What did Nat Geo Education readers read this year? Here are the activities, stories, pictures, and assorted oddities you pushed to the top of our charts in 2017.
What Did You Read About This Year?
- The Bee! Our new collection of National Geographic Bee resources, including a daily quiz and collection of study guides, was a big hit with educators and students.
- Forces of Nature! This oldie-but-goodie is an interactive that takes you behind the scenes of hurricanes, volcanoes, tornadoes, and earthquakes.
- Read all about it! Our encyclopedia continues to provide reliable, interesting, and just plain pretty information about everything from remote Pacific garbage patches to Central Asian yurts.
- Out of Eden! Our explorer Paul Salopek is in the middle of Asia, and the middle of his seven-year journey tracing humanity’s voyage out of Africa and across the globe. Our pals at Out of Eden Learn are helping take Paul’s journey to classes around the world.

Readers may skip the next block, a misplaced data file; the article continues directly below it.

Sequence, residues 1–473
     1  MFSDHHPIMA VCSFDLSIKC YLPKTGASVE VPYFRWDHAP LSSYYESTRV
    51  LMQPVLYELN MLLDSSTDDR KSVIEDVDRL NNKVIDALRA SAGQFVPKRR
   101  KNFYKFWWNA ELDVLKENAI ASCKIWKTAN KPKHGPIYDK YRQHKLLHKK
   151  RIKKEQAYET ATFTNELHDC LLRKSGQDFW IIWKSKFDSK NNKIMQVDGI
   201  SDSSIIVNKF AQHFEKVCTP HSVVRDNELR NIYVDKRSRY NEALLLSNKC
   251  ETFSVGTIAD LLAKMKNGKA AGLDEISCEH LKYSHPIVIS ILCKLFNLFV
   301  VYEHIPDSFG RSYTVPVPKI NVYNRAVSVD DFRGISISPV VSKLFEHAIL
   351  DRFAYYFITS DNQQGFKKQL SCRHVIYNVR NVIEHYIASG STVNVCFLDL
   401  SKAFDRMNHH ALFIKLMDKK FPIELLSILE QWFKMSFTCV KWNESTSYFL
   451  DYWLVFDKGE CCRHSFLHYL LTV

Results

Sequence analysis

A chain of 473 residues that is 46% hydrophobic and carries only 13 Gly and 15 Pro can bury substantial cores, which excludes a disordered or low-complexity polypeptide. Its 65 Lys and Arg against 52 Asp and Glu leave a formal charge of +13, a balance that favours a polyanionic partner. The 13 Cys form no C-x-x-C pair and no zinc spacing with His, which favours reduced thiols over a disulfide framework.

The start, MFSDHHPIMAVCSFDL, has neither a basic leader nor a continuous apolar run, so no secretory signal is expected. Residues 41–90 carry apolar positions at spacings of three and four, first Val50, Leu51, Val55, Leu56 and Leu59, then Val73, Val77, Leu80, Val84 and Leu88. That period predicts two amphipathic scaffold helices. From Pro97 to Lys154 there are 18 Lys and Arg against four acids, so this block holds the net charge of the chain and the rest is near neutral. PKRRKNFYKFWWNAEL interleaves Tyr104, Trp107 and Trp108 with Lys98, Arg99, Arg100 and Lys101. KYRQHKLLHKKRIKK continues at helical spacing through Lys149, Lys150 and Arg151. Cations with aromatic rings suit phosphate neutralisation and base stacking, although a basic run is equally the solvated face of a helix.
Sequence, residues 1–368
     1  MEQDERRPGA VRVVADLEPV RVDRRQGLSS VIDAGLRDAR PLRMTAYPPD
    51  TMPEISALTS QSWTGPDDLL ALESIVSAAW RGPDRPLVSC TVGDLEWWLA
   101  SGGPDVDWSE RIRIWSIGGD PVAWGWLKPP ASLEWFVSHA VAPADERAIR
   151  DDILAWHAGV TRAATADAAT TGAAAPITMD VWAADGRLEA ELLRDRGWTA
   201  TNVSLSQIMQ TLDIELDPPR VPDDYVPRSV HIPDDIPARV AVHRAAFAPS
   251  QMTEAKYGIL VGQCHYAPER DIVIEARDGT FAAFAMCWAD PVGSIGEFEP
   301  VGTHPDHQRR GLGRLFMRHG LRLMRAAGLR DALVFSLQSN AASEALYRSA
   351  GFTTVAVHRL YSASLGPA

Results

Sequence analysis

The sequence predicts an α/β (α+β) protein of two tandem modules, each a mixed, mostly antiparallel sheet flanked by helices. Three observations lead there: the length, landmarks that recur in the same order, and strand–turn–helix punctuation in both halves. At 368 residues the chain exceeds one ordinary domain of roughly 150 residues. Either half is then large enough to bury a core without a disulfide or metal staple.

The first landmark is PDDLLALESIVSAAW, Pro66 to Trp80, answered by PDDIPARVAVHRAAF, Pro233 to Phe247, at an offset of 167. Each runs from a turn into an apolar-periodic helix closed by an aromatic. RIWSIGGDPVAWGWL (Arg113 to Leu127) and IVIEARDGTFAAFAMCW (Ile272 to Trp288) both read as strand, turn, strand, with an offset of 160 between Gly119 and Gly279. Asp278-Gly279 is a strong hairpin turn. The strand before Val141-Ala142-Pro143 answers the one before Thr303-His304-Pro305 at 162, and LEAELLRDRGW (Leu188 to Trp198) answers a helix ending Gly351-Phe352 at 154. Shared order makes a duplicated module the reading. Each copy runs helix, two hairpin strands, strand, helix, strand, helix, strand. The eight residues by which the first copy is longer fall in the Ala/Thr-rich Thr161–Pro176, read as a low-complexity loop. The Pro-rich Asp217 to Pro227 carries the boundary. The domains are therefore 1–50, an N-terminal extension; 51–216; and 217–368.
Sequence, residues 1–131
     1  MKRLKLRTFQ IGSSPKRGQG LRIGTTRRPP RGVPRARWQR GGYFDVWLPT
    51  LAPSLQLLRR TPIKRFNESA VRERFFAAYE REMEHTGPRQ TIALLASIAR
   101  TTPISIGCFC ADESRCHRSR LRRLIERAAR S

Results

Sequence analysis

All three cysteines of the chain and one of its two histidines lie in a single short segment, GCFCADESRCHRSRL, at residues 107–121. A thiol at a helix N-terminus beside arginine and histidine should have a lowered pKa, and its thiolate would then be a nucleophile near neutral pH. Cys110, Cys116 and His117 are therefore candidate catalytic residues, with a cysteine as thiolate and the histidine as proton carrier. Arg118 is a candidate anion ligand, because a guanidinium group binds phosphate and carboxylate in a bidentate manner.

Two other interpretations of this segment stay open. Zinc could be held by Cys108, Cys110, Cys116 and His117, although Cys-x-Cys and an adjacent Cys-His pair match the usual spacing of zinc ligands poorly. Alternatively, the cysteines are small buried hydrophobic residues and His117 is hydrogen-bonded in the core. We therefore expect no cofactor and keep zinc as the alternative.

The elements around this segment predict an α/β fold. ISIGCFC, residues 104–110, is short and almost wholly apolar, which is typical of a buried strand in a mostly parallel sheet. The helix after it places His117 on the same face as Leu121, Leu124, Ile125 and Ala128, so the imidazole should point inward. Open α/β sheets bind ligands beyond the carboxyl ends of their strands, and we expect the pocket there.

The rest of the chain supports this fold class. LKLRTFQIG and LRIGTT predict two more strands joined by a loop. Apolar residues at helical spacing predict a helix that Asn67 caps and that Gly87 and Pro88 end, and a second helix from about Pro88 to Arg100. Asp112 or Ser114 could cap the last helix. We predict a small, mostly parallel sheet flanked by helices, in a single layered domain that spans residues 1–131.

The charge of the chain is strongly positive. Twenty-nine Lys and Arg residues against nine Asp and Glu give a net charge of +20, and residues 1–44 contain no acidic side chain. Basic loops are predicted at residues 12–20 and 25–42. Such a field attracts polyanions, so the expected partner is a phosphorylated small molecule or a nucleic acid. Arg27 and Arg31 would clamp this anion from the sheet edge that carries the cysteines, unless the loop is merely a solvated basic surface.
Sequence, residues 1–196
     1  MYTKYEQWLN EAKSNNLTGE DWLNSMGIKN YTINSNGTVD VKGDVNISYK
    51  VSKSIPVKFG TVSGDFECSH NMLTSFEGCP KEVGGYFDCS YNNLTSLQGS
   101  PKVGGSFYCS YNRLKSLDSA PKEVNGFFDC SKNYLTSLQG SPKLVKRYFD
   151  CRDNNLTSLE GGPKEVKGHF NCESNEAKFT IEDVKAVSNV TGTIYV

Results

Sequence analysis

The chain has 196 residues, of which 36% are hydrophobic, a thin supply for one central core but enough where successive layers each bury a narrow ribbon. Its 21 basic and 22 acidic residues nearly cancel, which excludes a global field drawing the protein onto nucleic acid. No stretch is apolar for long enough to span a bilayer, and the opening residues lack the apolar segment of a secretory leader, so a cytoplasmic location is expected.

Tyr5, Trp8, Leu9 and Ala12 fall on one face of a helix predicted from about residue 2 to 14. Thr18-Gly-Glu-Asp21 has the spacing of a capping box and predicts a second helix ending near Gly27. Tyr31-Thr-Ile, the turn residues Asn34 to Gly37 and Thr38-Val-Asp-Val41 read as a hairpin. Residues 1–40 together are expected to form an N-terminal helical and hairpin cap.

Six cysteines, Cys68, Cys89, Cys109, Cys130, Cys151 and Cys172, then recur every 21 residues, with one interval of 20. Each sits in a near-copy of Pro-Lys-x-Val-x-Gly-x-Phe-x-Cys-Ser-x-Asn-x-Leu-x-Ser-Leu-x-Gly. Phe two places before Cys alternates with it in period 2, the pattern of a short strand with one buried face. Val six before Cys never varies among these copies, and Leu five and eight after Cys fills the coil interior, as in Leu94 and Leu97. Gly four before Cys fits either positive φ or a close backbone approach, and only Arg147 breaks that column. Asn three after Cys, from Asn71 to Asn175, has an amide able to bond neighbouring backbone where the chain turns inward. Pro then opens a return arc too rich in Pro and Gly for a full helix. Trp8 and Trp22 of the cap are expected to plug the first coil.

- Maps, maps, maps! In addition to making your own map with MapMaker Interactive, you loved our outline map of United States regions, this beautiful map of DNA haplogroups, our map layer on climate zones, our MapMaker map of the disputed Dakota Access Pipeline, our gorgeous map of bird migration in the Americas, and our MapMaker map outlining the proposed “Muslim Ban”.
- Critical thinking! This dizzying, dazzling infographic from the Global Digital Citizen Foundation was easily our most popular image of the year.
- Creature features! Animal-themed study guides were really popular this year. Lessons learned: Don’t feed ducks bread. Hummingbirds may help us get to Mars. Floating fire ants canmess with Texas. And sea lions have the worst-smelling farts.
- Dia de los Muertos! This classic study guide combines classic Nat Geo imagery, colonial history, media literacy, globalization, and some cool holiday critical thinking.
- All things eclipse! This summer’s solar eclipse brought readers to eclipse activities, references, and study guides.
- Current events! Current Event Connection helped bring discussions about the geography of such diverse news events as the Dakota Access Pipeline, the Gibraltar dispute, a leak in the Oroville Dam, the Brexit, and rivers that pollute the ocean.